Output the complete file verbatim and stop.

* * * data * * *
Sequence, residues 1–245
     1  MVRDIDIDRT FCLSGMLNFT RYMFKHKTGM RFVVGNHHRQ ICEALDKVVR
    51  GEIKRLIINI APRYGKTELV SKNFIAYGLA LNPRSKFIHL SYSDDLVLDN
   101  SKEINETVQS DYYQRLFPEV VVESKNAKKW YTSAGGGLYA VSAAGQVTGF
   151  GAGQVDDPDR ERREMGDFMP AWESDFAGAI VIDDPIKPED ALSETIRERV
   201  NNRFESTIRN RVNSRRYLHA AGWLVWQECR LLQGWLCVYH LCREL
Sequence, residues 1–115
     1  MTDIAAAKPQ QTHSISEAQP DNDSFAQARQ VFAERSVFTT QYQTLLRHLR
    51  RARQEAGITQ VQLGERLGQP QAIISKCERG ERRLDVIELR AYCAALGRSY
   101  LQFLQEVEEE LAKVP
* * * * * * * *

Sequence, residues 1–245
     1  MVRDIDIDRT FCLSGMLNFT RYMFKHKTGM RFVVGNHHRQ ICEALDKVVR
    51  GEIKRLIINI APRYGKTELV SKNFIAYGLA LNPRSKFIHL SYSDDLVLDN
   101  SKEINETVQS DYYQRLFPEV VVESKNAKKW YTSAGGGLYA VSAAGQVTGF
   151  GAGQVDDPDR ERREMGDFMP AWESDFAGAI VIDDPIKPED ALSETIRERV
   201  NNRFESTIRN RVNSRRYLHA AGWLVWQECR LLQGWLCVYH LCREL
Sequence, residues 1–115
     1  MTDIAAAKPQ QTHSISEAQP DNDSFAQARQ VFAERSVFTT QYQTLLRHLR
    51  RARQEAGITQ VQLGERLGQP QAIISKCERG ERRLDVIELR AYCAALGRSY
   101  LQFLQEVEEE LAKVP